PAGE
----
I expect the press and media to continue to fixate on this issue for a while and there's a sense in which there is no good answer - a "yes" would cause furore, a "no" would seem inconsistent with his professed faith. I hope Tim gets better at answering - perhaps not by calling us all sinners. Beyond that, I look forward to a gradual return to focusing on substantive issues such as the EU, Housing and rebuiliding our party as a Liberal voice for a liberal country.
Thursday, 16 July 2015
This afternoon, the new leader of the Liberal Democrats will be announced.
Spoiler: My vote was for Tim Farron.
Not a lot of people know that, as I have been quiet on the matter: not just here, but also on social media where I tend to do more writing these days when I occasionally get dragged into a debate on some contentious issue or other.
And, in some ways, there have been contentious elements to this election campaign. Not from the candidates, but from some of those around them. Thankfully, this has (by and large) played out in closed groups on Facebook rather than as a pitched battle in the wider media.
Of course, after an election in which we garnered just 8 % of votes and were left with just 8 MPs, there has been less media interest that there might otherwise have. Whilst the Labour Party candidates will have multiple TV hustings – our coverage has been comfined to just one slot on the Victoria Derbyshire programme, individual appearances on Question Time and Any Questions and a smattering of profiles and endorsements in The New Statesman, Economist, and the Guardian and Independent group newspapers.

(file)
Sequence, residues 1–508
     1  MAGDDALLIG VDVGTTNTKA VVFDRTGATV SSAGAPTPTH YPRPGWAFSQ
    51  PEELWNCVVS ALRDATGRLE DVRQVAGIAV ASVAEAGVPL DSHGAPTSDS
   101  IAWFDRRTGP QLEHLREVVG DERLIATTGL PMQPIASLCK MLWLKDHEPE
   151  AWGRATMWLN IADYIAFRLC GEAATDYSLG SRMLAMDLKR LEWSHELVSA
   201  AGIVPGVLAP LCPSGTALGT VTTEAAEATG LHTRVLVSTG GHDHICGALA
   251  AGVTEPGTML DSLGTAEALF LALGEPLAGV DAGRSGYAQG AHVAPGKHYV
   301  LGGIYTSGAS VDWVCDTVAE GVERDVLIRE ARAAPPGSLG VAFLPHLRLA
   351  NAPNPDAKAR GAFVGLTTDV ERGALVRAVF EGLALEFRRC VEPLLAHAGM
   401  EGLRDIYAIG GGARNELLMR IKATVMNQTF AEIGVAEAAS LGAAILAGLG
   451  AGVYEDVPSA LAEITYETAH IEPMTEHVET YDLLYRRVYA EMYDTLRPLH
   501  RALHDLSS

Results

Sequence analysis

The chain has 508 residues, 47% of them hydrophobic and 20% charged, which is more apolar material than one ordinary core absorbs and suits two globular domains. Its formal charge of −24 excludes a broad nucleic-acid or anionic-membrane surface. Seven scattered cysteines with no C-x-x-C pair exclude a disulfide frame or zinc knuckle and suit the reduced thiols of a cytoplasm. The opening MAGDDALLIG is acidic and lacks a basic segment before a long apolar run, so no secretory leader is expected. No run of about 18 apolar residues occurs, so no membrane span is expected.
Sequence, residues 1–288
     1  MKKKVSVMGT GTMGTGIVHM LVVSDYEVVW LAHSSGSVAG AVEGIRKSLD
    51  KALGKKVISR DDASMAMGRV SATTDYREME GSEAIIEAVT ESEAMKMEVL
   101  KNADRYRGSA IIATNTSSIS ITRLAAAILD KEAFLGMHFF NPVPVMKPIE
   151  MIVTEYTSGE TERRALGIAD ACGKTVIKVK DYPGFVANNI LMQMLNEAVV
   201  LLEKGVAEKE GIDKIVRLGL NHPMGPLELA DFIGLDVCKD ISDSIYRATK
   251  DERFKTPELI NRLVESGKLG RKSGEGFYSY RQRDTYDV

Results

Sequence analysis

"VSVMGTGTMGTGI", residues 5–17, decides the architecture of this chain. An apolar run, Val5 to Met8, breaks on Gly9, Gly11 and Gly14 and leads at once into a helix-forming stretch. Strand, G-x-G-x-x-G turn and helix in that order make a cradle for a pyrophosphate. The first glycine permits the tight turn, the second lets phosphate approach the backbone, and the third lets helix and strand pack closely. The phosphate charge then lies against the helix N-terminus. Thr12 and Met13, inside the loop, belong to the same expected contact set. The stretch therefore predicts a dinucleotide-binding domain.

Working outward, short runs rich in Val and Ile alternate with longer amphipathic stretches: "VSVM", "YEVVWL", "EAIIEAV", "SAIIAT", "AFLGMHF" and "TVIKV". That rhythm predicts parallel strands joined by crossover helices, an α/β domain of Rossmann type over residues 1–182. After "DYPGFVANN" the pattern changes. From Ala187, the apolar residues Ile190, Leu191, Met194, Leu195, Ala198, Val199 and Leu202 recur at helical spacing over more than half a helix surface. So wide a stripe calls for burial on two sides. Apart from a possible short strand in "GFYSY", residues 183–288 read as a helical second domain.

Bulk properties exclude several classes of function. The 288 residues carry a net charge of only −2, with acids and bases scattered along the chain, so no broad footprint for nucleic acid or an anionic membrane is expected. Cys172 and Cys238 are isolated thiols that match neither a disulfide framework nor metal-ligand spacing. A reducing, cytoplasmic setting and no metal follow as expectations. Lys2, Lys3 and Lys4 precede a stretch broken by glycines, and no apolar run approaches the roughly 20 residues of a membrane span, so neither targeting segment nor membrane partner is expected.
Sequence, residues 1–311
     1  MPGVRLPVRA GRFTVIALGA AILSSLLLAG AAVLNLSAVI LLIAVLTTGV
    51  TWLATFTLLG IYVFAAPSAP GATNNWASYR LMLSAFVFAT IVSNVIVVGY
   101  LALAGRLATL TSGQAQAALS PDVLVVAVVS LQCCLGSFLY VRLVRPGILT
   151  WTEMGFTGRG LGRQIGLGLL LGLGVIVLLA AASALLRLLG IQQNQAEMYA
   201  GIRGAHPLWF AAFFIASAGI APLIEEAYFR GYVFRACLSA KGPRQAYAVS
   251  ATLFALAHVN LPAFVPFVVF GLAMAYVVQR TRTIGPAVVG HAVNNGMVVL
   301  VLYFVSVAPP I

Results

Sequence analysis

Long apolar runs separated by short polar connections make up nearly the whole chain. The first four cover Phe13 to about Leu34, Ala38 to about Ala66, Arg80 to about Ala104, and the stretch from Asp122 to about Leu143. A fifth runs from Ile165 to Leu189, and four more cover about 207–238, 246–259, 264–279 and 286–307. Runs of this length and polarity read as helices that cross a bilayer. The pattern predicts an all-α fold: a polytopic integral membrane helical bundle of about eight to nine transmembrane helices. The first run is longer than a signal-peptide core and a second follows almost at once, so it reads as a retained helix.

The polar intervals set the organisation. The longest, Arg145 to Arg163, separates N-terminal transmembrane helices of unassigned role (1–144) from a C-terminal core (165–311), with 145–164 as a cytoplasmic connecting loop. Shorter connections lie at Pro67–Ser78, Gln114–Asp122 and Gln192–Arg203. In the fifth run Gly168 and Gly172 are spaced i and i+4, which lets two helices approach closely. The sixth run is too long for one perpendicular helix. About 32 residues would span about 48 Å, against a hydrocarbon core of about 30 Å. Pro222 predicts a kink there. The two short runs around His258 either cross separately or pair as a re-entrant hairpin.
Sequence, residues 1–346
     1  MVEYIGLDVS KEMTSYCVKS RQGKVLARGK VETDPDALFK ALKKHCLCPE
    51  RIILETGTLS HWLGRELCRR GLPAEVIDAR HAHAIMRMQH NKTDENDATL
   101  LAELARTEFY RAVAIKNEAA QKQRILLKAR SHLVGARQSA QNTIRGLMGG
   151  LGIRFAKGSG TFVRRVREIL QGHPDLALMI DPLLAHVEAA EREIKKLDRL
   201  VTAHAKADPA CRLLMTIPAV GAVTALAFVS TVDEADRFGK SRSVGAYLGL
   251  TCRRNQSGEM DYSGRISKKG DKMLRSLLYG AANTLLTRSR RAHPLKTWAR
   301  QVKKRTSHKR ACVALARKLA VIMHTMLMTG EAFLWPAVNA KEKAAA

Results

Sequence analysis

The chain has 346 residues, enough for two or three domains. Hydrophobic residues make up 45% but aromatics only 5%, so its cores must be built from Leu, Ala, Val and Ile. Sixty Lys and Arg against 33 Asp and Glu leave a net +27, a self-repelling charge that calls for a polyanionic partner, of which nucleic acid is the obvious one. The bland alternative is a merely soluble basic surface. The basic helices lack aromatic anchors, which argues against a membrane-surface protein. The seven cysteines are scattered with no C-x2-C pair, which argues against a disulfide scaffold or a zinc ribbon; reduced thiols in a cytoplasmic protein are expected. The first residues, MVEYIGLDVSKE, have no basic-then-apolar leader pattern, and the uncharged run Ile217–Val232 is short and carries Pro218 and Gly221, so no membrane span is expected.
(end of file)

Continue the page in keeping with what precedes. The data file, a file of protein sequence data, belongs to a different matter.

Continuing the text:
The reason for my quietness was simple: as a local Membership Officer dealing with hundreds of new members, I did not wish to be seen to be taking sides. So I opted early on to play a neutral role – in members' newsletters and in our Facebook group, I sought to present both candidates equally. In personal conversations I would be more open – I wasn’t keeping it a complete secret – but would be at pains to present the relative merits and drawbacks of both candidates.
And they do both have merit – Norman Lamb is an astute, measured, principled man to whom I am probably closer politically. His role in putting mental health issues on the agenda in government, in the party and, indeed, in the election campaign should never be understated. His advocacy of assisted dying and reform of drug policy are also key issues on which we agree – and which the Liberal Democrats should be seizing whilst carving out liberal electoral ground for ourselves. In a world where there is a perception of little or no difference between parties, such policies stand out.
But, of course, policy is made by conference based either on motions submitted by members and local parties or papers proposed by the Federal Policy Committee. Whilst the leader can influence priorities and prominence, he (or, at some future point, she) cannot determine it – and, indeed, Norman was largely reflecting party positions in his pronouncements.
Tim’s strengths are in presentation and motivation. As Party President he spent years seeking to enthuse members and rally the troops in difficult circumstances. His down to earth, no-nonsense style resonates with members and the public alike. Where Norman is quiet and thoughtful, Tim is more of a rabble rouser.
And that was the key for my decision. Ultimately we need someone who can make the most of the limited opportunities that we will have in the Commons and the Media – and who will engage and encourage the membership. Tim’s livewire approach is, for me, the one that is most likely to succeed.